Depending on the history, the geography or culture of a place, a ‘successful’ ethnobotanical garden may greatly vary in its design. Jones and Hoversten (2004) [1] offer the following questions for ethnobotanical considerations in landscape architecture:

  1. What people/culture is being interpreted?
  2. What was their relationship to this place/this site/this area?
  3. What processes and outcomes are interpreted?

Landscape design on the UBC Campus acknowledges the traditional relationship between plants and people on this land. In courtyards and sidewalk plant beds, many plants with ethnobotanical purposes have been incorporated in the landscape. The UBC Botanical Garden curates a collection of 50,000 plants, many of which found in key ecosystems such as the British Columbia rainforest and Garry Oak meadows. The UBC Farm boasts several hedgerows reflecting a biological diversity that includes endemic plants with cultural significance.

The xʷc̓ic̓əsəm Indigenous Health Research & Education Garden at the UBC Farm represents a key example of how ethnobotany can be at the centre of the design process for healing or health gardens. In 2013, students, community members, and elders worked together to design the garden in a way that would reflect and honour local Indigenous and ecological principles. The shape and physical design of the garden now incorporates a Musqueam spindle whorl at the centre of the space. The inclusion of traditional native plants used for medicinal, food, fibre and dying purposes was guided by the insights and deep knowledge of the Medicine Collective, a group of Indigenous elders and knowledge keepers. In 2016, the garden was gifted the name xʷc̓ic̓əsəm by xʷməθkʷəy̓əm (Musqueam) Elder Larry Grant, which means "place of growing" in the hən̓q̓əmin̓əm̓ language.

Layout of the Aboriginal Health Research and Education Garden, including the plants from 2013 and their health benefits. By UBC Farm. CC BY-SA 3.0.

Examples of Health Areas and Plants used for Medicine

Diabetes: Bearberry, Labrador tea, Red Columbine, Goat’s Beard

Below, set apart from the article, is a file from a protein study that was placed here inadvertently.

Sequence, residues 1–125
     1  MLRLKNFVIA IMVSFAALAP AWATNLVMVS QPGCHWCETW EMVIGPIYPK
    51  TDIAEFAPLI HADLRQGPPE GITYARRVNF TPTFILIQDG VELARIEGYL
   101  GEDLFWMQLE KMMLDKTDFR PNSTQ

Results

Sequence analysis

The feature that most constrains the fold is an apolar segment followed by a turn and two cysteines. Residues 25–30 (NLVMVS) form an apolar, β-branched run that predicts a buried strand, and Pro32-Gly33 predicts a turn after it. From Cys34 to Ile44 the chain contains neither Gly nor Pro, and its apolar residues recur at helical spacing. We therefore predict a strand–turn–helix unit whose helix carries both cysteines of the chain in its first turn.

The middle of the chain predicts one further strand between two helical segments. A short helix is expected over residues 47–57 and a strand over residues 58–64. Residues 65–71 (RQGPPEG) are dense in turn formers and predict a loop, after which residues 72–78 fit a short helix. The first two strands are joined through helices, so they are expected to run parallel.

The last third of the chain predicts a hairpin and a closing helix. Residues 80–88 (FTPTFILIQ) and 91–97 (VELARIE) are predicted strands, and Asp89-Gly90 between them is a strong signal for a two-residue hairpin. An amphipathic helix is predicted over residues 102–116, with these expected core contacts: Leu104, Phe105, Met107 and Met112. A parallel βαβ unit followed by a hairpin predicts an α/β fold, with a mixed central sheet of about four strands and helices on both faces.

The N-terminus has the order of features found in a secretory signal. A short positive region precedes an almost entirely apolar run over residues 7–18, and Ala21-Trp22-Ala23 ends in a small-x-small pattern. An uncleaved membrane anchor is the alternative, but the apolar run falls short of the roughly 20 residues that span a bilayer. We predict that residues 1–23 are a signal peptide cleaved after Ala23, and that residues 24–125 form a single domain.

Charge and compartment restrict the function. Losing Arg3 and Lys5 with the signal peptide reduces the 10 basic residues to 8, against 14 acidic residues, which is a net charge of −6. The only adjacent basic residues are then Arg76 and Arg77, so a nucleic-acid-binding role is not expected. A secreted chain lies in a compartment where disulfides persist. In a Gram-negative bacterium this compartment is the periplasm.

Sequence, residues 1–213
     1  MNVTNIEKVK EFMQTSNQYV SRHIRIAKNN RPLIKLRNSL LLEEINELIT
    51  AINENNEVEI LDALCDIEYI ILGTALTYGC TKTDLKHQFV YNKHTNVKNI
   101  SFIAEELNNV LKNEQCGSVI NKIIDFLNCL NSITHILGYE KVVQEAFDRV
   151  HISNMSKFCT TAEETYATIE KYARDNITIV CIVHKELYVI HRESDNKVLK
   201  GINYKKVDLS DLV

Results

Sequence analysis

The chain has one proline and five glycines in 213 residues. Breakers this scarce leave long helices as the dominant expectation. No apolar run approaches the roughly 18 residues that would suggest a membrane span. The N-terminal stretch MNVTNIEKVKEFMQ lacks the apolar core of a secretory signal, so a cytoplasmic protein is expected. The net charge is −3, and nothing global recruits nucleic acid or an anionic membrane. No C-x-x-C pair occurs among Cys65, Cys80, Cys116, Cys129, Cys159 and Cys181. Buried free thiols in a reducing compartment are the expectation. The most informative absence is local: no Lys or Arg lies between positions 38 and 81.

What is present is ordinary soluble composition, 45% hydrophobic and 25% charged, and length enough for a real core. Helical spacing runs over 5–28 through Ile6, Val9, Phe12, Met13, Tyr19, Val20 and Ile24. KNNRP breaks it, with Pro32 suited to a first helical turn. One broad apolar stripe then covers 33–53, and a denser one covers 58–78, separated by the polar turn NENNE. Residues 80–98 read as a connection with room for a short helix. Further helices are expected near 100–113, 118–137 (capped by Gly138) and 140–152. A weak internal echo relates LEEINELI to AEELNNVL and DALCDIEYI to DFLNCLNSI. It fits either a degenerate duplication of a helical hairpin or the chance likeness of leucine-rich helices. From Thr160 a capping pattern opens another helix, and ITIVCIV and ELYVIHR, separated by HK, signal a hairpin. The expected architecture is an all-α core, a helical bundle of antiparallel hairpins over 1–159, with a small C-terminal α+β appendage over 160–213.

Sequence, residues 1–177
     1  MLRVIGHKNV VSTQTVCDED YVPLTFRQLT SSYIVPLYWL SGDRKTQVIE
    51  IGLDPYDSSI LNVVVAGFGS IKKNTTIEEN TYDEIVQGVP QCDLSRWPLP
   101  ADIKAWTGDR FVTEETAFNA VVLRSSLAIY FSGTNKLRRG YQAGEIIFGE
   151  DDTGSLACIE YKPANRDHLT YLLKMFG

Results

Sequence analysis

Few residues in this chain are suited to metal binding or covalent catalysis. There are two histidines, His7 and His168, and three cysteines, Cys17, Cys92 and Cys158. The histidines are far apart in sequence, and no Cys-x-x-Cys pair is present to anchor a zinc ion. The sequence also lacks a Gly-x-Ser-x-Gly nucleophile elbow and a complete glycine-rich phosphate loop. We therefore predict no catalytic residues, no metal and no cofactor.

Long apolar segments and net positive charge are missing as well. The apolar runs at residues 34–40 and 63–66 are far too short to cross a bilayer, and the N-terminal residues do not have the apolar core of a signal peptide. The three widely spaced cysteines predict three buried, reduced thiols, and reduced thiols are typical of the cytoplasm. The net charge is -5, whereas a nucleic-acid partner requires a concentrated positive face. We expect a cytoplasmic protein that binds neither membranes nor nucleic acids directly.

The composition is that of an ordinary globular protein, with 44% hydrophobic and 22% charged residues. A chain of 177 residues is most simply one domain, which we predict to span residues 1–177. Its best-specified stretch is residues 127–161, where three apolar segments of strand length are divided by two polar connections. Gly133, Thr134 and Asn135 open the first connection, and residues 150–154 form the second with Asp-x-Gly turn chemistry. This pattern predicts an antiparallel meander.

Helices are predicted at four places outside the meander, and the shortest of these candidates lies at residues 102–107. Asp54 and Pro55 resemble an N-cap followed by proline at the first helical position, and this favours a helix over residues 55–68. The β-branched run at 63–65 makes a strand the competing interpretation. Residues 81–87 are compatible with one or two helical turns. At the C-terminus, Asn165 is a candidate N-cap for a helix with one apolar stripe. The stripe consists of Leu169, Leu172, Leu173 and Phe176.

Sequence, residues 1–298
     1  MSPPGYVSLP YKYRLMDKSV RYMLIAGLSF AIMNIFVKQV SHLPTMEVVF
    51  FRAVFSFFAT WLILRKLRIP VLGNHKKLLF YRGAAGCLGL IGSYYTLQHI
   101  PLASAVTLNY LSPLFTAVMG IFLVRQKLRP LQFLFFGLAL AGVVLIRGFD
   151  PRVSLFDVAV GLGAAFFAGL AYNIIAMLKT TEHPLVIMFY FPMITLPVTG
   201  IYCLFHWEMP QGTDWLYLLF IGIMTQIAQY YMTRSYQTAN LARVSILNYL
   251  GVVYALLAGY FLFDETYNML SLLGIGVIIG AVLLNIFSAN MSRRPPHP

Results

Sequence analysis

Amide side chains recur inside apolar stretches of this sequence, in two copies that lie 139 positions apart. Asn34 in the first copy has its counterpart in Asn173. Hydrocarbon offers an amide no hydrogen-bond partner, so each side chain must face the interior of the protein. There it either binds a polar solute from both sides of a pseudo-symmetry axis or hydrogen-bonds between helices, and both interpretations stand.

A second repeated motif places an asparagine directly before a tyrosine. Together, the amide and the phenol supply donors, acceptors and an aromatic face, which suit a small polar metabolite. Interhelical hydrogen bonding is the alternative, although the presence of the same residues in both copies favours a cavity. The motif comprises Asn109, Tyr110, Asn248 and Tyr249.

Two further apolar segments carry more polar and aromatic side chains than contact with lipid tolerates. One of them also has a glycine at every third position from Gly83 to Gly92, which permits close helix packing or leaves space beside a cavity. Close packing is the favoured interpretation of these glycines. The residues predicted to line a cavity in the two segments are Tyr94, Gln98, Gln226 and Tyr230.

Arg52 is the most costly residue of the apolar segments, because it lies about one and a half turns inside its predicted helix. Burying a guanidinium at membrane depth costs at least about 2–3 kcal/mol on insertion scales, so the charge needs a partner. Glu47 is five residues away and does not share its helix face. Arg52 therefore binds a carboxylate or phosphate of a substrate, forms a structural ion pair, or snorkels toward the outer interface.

Heart: Yarrow, Valerian, strawberry, cow parsnip
Digestion: Chamomile, Fennel, Anise hyssop


  1. Why are plants hidden in plain sight? What are the implications of losing awareness of the presence and diverse uses of plants in our everyday lives?
  2. How are plants with ethnobotanical purposes suited to the campus landscape? Do they seem out of place?
  3. Evaluate the interpretive signage you visited on the Ethnobotanical tour. Did the information help you gain a deeper understanding? Why or why not?
  4. What kind of signage or resources creates a more meaningful learning experience?


The discipline of ethnobotany has emerged as an important interlocutor in federal and provincial policy decision around Indigenous Peoples’ land rights and titles in Canada. In June 2014, the Supreme Court of Canada granted the Tsilhqot’in Nation the full Aboriginal title for the grounds their people inhabited exclusively at the time when representatives of the British Crown staked claims 250 years ago [2]. How did the Tsilhqot’in prove the extent of their land rights? Partly through ethnobotanical investigation. During the trial, distinguished ethnobotanist Nancy Turner offered her opinion that the Tsilhqot’in people have been present in the Claim Area for at least 250 years based on the length of time required to develop the names and knowledge of the Claim Area plants used for food and medicine [2].